In the front row is the only bachelorette in the house. It’s an unusually poor turnout for Darcelle. The bachelorette’s name is Lindsay, and she’s from Salem. She’s flanked by eight friends. Their fresh manicures and flat-ironed hair say this night is special.
Bachelorette parties have a bad rap at gay bars, and justifiably so. As a gay man in a gay bar, nothing is more aggravating than a bunch of screaming banshees clogging the drink line and manhandling you on the dance floor. And celebrating a wedding someplace populated by people who can’t get married is insensitive, at best. So when West Hollywood’s popular bar the Abbey banned bachelorette parties last month and encouraged other gay bars to do the same, there was delighted approval around the globe.
But so far, no Portland gay bar has followed the Abbey’s example. The bars have their reasons, most of which should come as no surprise in a city which frowns on exclusionary action.
At Darcelle, bachelorette Lindsey sits quietly throughout the show, back slouched and chin up, balancing her tiny bridal tiara. Lindsay is a short, mousy girl with small glasses and shoulder-length red hair. She cheers sheepishly for the drag queens, showing the most enthusiasm for the Liza Minnelli act. When the show ends, she’s called onstage for her congratulatory Champagne. She giggles a lot.
Bachelorettes like Lindsay make up most of Darcelle’s business, and Darcelle has no intention of banning them. As show coordinator Summer Seasons puts it, doing so would be “absolutely ridiculous.”
But Darcelle isn’t necessarily a gay bar, per se. It’s more of a drag cabaret. And though co-owner Darcelle and his partner, Roxy Newhardt, are gay, and drag is a linchpin of gay culture, Darcelle bills itself as an “all-inclusive establishment.”
Still, Darcelle is where the bachelorette madness begins. On a typical night, the women come for the show and stay for the male strippers at midnight. If they continue the gay-bar wedding march, they stumble next door to CC Slaughters and down Southwest 3rd Avenue to Silverado.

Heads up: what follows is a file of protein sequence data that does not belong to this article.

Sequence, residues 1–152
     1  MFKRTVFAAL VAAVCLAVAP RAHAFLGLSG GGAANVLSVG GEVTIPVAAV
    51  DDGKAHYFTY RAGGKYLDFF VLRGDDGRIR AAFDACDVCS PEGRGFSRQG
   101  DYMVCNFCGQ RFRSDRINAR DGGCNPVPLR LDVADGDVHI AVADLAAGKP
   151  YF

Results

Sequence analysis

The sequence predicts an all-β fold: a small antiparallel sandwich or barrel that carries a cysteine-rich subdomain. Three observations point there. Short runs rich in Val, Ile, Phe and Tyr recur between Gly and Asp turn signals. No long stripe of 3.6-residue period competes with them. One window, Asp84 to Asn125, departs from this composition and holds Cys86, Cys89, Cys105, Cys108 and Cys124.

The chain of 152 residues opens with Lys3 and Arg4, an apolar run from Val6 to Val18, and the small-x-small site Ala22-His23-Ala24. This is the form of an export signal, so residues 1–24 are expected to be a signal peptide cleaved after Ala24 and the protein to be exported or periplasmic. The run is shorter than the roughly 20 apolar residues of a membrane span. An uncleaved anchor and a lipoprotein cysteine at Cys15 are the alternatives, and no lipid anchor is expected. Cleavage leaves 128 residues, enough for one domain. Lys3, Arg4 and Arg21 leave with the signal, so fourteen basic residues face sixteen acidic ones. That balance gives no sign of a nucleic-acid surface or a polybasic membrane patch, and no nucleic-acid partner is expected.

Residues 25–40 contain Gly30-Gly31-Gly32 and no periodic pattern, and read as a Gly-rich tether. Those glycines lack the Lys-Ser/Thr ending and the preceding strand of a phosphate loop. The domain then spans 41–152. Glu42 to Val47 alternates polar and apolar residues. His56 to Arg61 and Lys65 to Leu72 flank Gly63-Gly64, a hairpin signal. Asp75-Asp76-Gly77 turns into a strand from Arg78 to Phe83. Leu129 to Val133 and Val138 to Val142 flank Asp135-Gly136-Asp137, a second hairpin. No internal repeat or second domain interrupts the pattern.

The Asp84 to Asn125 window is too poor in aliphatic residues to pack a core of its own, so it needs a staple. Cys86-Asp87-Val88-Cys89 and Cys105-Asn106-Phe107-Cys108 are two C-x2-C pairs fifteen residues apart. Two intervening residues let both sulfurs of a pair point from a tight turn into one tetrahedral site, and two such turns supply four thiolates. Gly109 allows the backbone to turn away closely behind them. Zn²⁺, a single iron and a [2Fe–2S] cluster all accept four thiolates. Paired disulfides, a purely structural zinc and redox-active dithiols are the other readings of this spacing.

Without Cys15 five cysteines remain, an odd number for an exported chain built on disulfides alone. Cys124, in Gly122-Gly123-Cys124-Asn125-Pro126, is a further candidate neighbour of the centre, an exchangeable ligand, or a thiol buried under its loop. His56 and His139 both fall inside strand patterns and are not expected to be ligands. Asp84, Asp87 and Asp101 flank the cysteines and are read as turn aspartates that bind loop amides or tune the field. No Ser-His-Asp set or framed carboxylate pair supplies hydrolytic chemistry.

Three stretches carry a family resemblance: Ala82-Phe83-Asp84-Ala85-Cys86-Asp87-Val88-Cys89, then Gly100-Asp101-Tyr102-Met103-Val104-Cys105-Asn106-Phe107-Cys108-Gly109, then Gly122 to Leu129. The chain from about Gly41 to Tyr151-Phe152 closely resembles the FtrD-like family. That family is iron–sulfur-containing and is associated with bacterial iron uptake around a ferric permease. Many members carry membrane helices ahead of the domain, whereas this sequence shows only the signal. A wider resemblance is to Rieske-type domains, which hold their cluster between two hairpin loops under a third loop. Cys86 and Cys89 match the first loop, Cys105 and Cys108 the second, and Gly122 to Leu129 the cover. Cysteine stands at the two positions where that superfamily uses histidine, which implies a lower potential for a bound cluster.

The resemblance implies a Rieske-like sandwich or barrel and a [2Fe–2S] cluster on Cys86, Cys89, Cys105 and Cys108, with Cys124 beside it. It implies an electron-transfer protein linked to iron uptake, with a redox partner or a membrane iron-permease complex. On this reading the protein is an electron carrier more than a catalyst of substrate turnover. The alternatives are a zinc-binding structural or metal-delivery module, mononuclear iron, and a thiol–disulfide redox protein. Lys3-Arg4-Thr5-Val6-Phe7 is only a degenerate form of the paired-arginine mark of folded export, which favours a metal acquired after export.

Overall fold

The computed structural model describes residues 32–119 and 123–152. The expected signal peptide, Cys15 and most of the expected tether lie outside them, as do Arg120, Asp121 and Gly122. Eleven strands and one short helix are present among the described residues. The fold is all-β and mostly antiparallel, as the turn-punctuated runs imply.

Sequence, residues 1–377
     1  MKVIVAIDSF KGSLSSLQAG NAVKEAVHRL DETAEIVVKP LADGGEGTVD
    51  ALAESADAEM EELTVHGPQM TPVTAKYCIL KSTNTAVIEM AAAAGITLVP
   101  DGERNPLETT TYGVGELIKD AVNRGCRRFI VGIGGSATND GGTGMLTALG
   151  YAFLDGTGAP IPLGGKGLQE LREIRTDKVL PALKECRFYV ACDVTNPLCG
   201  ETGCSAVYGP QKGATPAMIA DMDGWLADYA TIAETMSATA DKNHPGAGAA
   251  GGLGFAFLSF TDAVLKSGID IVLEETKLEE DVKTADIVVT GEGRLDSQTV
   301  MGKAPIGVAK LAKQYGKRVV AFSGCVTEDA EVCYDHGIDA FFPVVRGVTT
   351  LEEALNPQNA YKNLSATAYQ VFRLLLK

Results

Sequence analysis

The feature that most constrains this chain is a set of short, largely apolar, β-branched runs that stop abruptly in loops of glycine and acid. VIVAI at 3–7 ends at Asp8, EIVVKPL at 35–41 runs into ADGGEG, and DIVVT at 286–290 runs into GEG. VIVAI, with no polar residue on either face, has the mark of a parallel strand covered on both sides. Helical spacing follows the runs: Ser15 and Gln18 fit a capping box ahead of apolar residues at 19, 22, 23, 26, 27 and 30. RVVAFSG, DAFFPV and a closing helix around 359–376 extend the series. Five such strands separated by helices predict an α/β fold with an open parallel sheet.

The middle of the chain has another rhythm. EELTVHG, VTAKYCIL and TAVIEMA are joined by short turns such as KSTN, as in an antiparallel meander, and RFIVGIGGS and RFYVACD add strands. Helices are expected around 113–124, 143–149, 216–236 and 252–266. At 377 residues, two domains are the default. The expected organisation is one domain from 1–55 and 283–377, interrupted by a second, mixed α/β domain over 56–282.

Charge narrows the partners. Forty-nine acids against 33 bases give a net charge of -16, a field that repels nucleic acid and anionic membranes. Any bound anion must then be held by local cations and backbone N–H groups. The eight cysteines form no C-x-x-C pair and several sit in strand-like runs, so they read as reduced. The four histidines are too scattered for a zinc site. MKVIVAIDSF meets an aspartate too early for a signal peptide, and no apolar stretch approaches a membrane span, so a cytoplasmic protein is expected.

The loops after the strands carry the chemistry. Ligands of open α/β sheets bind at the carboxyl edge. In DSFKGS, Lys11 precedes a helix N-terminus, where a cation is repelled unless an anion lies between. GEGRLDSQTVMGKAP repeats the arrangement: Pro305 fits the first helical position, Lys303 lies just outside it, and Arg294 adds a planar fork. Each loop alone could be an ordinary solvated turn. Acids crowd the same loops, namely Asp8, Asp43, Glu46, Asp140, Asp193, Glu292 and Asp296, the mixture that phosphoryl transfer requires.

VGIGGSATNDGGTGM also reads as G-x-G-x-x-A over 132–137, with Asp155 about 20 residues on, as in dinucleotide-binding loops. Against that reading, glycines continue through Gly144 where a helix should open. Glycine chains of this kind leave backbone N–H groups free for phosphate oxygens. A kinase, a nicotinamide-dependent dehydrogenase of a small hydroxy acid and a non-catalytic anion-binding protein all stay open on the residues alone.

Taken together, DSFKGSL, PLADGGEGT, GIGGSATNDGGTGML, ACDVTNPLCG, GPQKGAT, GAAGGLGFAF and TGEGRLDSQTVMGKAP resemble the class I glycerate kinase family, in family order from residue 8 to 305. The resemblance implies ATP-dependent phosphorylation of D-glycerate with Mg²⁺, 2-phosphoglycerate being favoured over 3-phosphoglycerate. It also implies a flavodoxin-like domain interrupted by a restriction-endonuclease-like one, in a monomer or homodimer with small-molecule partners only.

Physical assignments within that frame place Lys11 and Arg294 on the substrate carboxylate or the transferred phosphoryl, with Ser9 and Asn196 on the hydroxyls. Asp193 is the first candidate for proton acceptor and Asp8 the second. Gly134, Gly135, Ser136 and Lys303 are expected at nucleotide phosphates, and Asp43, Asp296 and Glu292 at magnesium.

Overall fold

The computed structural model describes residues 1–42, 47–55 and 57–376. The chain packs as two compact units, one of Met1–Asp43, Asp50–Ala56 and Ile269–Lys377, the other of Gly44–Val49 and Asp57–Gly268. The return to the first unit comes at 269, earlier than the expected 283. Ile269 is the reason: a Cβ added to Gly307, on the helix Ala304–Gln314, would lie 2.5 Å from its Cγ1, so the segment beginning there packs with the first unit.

Neither CC nor Silverado ban bachelorette parties, though CC has considered a ban and Silverado has banned them in the past. The trouble with banning bachelorette parties is that such parties are rather loosely defined.
For CC, it all comes down to costumes (read: penis necklaces and straws). CC has considered banning groups in costume, says Steven Fosnaugh, the bar’s marketing director, but no decision has been made.
“CC Slaughters is a non-discriminatory business,” says Fosnaugh. “If we ban one costumed group, we’d have to ban them all.”
Silverado until recently had a sign at its entrance that stated “No Bachelorette Parties.” But the bar removed it under legal advice, just as it now charges men and women the same $4 cover despite priding itself as a “gay men’s bar.”
Of course, not all bachelorettes flounce around gay bars on their special night. Lindsay, for one, doesn’t even want to stay for the strippers at Darcelle. But Lindsay doesn’t speak for every bride-to-be in Old Town.
Enter Megan. Megan went to an earlier show at Darcelle, but returns to leap onstage for what she thinks will be her second Champagne toast. Clearly inebriated and wearing impossibly tiny white shorts, Megan is shooed off the stage. As the crowd files out and the strippers come on, Megan is one of the few in the front row. She later corners a stripper to take issue with his sense of equity. “I took a shot off you,” she argues. “You have to take a shot off me!”
Meanwhile, Lindsay and her friends gather outside. It’s raining now, and they caucus about their next steps. Dixie Tavern? No, bad idea. They walk toward their car.
Lindsay’s friend Chrystal hangs back. It was Chrystal’s idea to bring Lindsay to Darcelle. Chrystal is aware of the bachelorette-party backlash, and wholeheartedly disagrees. Chrystal is a lesbian—her girlfriend, Carlie, was at the show with her—and she’d like to be married one day.
“Why ban something that you’re working toward?” she asks. “You can’t be closed-minded.”